sensitive to one's feelings. Some will find such awareness 
and sensitivity to feeling automatic and natural. For others 
it will not be. In any case, awareness and sensitivity to 
feeling is essential to "abiding in the heart".

The next step in learning to abide in the heart is paying 
attention to and becoming very sensitive to the feelings 
within oneself. These are feelings that arise more from 
within than in response to the environment. They can be 
feelings of apprehension, an ache in the heart, longing, 
etc. These feelings can be generally categorized as "deep 
feelings". In my case such feelings would typically be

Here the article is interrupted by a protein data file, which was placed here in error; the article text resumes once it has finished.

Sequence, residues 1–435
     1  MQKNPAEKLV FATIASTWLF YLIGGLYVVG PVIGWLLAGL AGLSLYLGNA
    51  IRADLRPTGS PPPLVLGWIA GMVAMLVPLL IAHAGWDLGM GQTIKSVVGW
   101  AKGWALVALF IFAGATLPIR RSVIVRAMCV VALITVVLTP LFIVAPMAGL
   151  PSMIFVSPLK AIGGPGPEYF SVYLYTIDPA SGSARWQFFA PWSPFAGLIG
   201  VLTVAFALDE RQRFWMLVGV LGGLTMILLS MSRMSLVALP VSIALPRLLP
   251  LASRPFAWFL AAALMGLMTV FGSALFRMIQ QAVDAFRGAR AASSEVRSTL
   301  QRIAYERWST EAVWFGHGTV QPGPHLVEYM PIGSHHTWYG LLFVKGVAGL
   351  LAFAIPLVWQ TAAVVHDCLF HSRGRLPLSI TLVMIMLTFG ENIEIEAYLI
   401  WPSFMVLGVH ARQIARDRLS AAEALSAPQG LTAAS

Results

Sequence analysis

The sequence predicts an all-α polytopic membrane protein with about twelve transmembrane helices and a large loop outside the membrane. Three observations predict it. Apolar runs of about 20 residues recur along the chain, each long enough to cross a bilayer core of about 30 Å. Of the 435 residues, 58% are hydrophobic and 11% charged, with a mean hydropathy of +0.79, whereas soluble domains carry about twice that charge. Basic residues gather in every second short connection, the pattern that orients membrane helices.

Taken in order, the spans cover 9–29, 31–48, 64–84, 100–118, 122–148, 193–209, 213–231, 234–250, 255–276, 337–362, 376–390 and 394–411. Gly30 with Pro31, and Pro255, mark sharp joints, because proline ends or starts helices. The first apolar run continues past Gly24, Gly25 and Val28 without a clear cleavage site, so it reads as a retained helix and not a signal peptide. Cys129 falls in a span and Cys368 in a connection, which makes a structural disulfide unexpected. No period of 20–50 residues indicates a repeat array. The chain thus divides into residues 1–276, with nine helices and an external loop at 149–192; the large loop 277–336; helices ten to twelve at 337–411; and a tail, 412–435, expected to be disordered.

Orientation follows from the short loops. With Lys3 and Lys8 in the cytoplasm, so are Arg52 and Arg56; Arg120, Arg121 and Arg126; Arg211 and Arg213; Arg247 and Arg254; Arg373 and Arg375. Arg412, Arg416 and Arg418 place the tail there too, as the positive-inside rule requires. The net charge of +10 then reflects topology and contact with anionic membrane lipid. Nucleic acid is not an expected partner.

located in the chest area. What I am emphasizing here are 
feelings that have the quality of a physical sensation. 
There will typically be an emotional content aspect, such as 
"apprehension", but also a physical sensation, which will 
typically be in the chest area.

When these "inner feelings" arise, my practice has been to 
become very aware of the feelings. If possible get away from 
distracting external stimuli so one can devote one's 
attention to the feelings that are coming up. Begin to "zoom 
in" on the feelings. Go into it more and more until what was 
once a tiny bleep on the radar now virtually fills the 
awareness. Pay special attention to the sensations connected 
with the feelings. Sometimes these sensations might be like 
a subtle pin prick, or a kind of dullness, or an ache. The 
kinds of sensation I am referring to are subtle. I am not 
speaking here of gross muscular tension. In my case they are 
typically felt in the chest, but can also occur in other 
places such as the pit of the stomach, solar plexus, etc.